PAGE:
Neil McDougall Lake
Like many other wetlands and lakes across the Perth metropolitan area, Neil McDougall Lake experiences an almost yearly reccurrence of a dense Lemna (duckweed) mat that covers the lake. Blue-green algae blooms are also noted at the Lake when naturally occurring blue-green algae multiply quickly and dominate the water column.
A sustainable solution
The City is investigating a long-term, sustainable solution for the management of the duckweed and blue-green algae blooms.
The lake has significant environmental values and is visited by a variety of birds including the Western Swamp Hen, Pacific Black Duck, Eurasian Coot and Black Swan, as well as the Western long-necked tortoise, and the surrounding parkland is home to numerous passerines and small native Fauna.
Neil McDougall Lake acts as an infiltration basin and receives stormwater from four catchments, resulting in excess nutrients and organic loading entering the lake. High level of nutrients promotes algal blooms and low oxygen conditions, which in turn stress aquatic organisms. Other contaminants, such as heavy metals, also enter the lake through the drainage network and together with nutrients accumulate in the sediment. These can be released into the water column and enter the food chain.
The lake is shallow and has no outflow to promote flushing. As such there is an insufficient water movement to disrupt the blue-green algae growth cycle or to allow fringing vegetation to filter and remove nutrients.
Poor water movement and stagnation also lead to high temperatures in the water column in summer, which is one of the main factors fostering algal blooms.
An integrated remediation solution has been designed to address the processes driving the algae and duckweed blooms. This system addresses the continual inputs of polluted stormwater and poor lake circulation and is designed to operate with minimum maintenance requirements.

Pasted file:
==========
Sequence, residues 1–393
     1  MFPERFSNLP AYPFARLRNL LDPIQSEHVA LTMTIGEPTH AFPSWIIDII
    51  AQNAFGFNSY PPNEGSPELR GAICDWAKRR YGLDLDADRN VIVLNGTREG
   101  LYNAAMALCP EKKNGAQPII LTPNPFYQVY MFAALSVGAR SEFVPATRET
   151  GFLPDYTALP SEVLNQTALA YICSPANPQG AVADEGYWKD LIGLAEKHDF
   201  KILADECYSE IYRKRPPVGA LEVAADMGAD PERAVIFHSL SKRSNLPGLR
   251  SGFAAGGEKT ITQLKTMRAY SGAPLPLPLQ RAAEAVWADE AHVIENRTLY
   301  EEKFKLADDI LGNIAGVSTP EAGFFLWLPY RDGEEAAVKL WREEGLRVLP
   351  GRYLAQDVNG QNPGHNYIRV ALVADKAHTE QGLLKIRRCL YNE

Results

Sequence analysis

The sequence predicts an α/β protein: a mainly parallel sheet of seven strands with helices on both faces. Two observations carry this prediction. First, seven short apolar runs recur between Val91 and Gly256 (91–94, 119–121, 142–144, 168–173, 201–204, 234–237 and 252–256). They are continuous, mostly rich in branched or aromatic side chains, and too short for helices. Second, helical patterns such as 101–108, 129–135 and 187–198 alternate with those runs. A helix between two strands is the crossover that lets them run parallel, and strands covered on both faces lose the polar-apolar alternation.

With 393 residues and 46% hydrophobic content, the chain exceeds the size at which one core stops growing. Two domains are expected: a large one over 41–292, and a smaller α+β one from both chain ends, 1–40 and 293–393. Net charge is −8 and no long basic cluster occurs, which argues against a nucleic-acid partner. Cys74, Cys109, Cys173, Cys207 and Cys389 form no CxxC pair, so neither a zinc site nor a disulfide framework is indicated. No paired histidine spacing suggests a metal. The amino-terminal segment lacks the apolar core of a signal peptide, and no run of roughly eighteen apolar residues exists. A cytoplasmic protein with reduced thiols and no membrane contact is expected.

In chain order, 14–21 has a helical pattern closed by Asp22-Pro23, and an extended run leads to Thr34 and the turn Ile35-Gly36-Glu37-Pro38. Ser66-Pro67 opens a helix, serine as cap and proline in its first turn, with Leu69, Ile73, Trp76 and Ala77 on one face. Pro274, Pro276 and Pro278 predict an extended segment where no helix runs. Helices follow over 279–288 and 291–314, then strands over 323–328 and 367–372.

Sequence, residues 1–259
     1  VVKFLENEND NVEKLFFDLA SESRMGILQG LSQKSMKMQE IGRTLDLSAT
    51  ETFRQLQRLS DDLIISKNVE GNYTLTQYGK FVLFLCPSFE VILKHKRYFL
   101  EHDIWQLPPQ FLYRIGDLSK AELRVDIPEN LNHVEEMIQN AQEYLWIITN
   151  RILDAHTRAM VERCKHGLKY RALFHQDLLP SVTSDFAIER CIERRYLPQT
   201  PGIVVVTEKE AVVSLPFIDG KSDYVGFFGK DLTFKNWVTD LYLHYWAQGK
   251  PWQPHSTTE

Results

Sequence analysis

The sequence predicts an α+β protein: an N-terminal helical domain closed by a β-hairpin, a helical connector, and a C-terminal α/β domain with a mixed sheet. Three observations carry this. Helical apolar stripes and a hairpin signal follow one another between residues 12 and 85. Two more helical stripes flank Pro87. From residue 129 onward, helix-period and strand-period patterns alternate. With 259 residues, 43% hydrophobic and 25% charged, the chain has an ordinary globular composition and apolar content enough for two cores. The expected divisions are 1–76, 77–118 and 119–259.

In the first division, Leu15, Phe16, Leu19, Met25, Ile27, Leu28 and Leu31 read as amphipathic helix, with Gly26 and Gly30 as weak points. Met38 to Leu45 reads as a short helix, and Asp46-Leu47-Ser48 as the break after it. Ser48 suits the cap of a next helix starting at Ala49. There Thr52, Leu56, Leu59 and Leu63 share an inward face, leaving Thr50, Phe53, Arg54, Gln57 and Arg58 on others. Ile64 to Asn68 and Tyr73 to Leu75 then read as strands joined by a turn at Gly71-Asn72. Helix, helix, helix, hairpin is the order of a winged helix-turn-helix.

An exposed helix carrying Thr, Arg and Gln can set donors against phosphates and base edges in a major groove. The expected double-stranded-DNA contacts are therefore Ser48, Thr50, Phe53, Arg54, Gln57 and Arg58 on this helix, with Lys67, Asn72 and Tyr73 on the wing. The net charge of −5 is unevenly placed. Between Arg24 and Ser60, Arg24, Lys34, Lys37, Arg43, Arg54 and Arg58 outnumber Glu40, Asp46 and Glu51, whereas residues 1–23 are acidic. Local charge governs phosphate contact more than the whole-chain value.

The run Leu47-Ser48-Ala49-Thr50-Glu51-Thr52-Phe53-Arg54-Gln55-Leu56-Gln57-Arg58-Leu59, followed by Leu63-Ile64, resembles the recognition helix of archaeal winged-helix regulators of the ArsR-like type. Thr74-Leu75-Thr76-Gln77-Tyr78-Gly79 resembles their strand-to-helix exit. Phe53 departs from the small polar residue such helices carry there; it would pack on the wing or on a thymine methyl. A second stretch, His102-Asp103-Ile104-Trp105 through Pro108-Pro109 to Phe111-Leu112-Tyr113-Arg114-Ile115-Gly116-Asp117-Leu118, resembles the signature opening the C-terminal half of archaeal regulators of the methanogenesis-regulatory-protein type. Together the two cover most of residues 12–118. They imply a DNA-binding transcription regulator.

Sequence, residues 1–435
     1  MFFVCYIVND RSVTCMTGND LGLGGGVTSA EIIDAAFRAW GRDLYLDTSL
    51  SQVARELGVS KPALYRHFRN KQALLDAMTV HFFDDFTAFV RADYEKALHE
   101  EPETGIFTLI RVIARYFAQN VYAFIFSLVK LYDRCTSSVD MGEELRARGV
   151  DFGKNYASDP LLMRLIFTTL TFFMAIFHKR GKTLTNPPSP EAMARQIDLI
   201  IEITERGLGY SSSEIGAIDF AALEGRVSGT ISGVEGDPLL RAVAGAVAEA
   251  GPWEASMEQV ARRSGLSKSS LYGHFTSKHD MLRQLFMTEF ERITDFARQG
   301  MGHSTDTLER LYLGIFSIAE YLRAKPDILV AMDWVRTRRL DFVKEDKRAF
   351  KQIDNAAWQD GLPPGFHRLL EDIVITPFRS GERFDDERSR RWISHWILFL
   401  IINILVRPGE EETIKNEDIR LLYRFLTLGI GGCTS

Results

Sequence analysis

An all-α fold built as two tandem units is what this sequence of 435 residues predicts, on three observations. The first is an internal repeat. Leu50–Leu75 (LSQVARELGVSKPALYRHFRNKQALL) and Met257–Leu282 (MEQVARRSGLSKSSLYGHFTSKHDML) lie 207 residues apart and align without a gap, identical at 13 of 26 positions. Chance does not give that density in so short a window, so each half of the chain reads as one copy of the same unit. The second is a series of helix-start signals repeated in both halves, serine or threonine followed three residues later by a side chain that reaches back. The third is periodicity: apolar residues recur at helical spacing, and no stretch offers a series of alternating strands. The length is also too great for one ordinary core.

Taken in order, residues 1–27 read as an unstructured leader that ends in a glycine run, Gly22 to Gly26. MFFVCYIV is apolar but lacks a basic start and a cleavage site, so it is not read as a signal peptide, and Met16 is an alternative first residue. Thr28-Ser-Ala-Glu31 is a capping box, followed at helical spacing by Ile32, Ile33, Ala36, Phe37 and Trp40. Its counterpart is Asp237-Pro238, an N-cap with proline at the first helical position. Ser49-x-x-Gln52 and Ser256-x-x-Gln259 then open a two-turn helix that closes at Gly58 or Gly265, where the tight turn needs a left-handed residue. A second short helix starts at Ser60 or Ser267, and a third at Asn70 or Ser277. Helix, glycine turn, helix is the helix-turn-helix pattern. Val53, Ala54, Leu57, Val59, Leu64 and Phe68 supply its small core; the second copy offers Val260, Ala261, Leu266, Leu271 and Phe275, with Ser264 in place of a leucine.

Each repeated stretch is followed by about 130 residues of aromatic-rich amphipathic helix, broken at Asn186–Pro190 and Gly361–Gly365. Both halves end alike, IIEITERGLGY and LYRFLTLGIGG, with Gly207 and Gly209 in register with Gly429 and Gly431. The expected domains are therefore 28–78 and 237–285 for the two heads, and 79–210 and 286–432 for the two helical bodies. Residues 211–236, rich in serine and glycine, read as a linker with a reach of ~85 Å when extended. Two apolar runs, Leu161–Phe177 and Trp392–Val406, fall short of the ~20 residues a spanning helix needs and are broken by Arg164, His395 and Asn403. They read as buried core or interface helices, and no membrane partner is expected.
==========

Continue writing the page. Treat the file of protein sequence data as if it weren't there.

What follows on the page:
The system will also provide a range of additional benefits such as:
- Biodiversity enhancement and increased resilience
- Enhancement of the landscape and amenity values of the lake and surrounds
- Provision for nesting and shelters for native birds and animals
- Opportunities for environmental education.
In March 2019 the community were invited to provide feedback on the preliminary water sensitive urban design.
A feedback and outcomes report is available on Your Say South Perth. The design was updated taking on board the feedback along with the outcomes of environmental studies.
The design has now been finalised and design was completed mid 2020.
In early 2021 the City secured funds from the Local Roads and Community Infrastructure Grant funding for implementation of the construction of stage 1. Stage 1 construction is anticipated to commence in early 2022 subject to procurement.
Neil McDougall lake shows signs of recovery
Extensive environmental restoration work completed in 2022 at Neil McDougall Park has already had a positive effect on water quality at the lake and overall health of the wetlands.
The recent summer showed a noticeable reduction in duckweed growth and algal blooms that have affected the lake for more than two decades due to a drying climate and increased nutrient levels, such as nitrogen and phosphorous, which can upset the natural balance of ecosystems.
Mayor Greg Milner said it was great to see such significant improvement following the City’s $1.3 million remediation project, which was almost fully funded by a Local Roads and Community Infrastructure Program grant from the Australian Government.
“Neil McDougall Park currently receives stormwater from four catchments and provides habitat for several bird species and the western long-neck or Oblong turtle, so this work has not only improved the lake’s aesthetics, it will also benefit habitat for our local wildlife,” the Mayor said.
“For decades, the lake at this much-loved park has been choked each summer with duckweed and algal blooms. The work we have done will help ensure that Neil McDougall Park Lake remains healthy and beautiful all year round.”
Federal Member for Swan Zaneta Mascarenhas said: “I’m thrilled to see Neil McDougall Park thriving after the remediation work to restore lake water quality.
“Locals love our native water birds – healthy wetlands are critical to ensure that they are here for future generations. This is a great example of the importance of our wetlands for water quality.”
The City partnered with Syrinx Environmental to develop a range of water sensitive urban design features including construction of sedimentation zones, vegetated filtration zones and a treatment wetland for stormwater inflows and re-circulated lake water.
Syrinx Environmental even custom-designed a pollutant trap to help keep debris out of the wetlands.
Further remediation works are planned at the Henley Street end of the park. For updates or more information, please see our Environmental Projects page.
Image (L-R): Federal Member for Swan Zaneta Mascarenhas with some of the City's Neil McDougall Park project team – Construction Projects Officer Ryan Smith, Acting Parks Coordinator Paul Reed, Environment Coordinator Yulia Volobueva – and Mayor Greg Milner.
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